Each language shows the number of native speakers. Where possible, only first-language speakers have been counted, no second language. When different sources mention different numbers of speakers, the smallest number has been used. Note that these numbers might not be entirely correct, as nobody knows the exact number of native speakers for any given language.

You’ll also see the required diacritics for that language, the most important piece of information in this section. The word diacritic is a bit misleading. Not just characters which are marked for accent or tone, but any character beyond the basic A-Z are called diacritics for the sake of convenience (so also schwa for example). Note that the goal of this database is to be able to create fonts with specific language support. Because this database minimizes the risk of failures in which a document requires diacritics which are not in the font, languages could contain superfluous diacritics according to (some?) official orthographic standards.

If a corpus is available for a language, the diacritics are shown in order of frequency. Otherwise they are listed alphabetically. {Source of corpus is Invoke IT} A small world map shows in which countries this language is an official language. {Source for all maps: Ethnologue} Additionally there is a short text about the language with some links for more extensive information. {Texts are mostly extracts from Wikipedia and/or Omniglot} If information about an endangered language is known, its “health” will be listed. {Data by Unesco}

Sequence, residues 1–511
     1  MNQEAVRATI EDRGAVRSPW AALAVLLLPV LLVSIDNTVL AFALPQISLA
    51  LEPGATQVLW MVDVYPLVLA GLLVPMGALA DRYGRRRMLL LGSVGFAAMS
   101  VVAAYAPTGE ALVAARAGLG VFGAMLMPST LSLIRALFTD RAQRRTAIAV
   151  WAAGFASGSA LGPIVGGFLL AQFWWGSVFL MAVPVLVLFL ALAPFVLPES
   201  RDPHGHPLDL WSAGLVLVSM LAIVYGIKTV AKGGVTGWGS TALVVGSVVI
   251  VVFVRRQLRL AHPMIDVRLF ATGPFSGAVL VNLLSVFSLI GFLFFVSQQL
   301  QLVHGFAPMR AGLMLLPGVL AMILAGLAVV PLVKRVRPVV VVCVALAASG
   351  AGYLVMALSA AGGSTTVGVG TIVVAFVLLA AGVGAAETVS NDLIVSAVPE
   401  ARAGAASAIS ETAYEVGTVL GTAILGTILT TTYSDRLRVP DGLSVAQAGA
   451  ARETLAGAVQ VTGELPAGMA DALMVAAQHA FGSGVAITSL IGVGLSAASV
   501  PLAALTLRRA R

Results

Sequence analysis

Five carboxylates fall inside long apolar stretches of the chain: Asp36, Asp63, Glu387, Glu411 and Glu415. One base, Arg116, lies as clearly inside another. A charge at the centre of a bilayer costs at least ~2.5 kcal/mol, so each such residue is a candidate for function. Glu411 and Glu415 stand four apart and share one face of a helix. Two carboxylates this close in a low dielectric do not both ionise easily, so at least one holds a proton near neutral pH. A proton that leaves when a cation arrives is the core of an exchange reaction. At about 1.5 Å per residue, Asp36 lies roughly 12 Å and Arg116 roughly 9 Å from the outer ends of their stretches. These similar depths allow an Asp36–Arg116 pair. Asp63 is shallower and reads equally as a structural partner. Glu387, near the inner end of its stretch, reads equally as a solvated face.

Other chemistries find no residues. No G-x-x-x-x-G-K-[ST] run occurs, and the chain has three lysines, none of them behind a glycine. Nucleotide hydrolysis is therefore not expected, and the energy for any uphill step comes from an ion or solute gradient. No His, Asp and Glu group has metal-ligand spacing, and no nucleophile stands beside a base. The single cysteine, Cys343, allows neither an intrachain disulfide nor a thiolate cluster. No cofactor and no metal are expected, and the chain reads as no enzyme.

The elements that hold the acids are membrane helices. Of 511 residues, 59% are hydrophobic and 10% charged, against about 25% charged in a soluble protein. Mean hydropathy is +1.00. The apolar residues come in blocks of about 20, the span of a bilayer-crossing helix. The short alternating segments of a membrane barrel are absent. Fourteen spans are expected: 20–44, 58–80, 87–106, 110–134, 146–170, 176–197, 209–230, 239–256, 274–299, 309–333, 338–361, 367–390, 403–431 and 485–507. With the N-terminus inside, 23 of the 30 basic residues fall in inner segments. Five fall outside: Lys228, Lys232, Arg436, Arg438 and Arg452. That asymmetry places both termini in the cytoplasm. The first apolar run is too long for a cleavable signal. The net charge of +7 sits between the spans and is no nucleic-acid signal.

If diacritics are required for a language, related languages are listed as “brothers”. These relationships are not based on their language family tree, but on the use of their diacritics. Just another way to look at relationships between languages.

If available, a translated sample text will be shown in the respective language. These sample texts are all translated by people. The text is always identical, allowing for comparisons of sound, look and structure of languages:

Don’t be a cuckoo if you’re a nightingale.
Don’t be a nightingale or a flycatcher, if you’re a dog.
But anyone can make sound.
We are Underware.
The overview of characters which are included in all Underware fonts. Diacritics are shown in a heatmap, representing the amount of (native) speakers. A mouseover highlights related diacritics: diacritics which are essential companions of the selected diacritic.

Each character can be viewed in a large size of Sauna Mono-Bold (this complete section is set in Sauna Mono), followed by its name, the amount of native speakers using this diacritic, the amount of languages using this diacritic, its official Unicode name and Unicode number.

Next to that you’ll see a world map for a specific diacritic. Oh yes, we also think that’s cool. {Source for all maps: Ethnologue}

This is followed by a list of languages which are using this diacritic. If a corpus is available (for at least one of the languages using this diacritic), you can see how often a diacritic is used in those languages under “popularity”. While “friends” shows a list of diacritics which are most often used on left and/or right side of the selected diacritic.
Upload your font and see which of the Underware Latin Plus languages are supported. Be aware that we have high standards (like a required IJacute for full Dutch support), which are not common everywhere.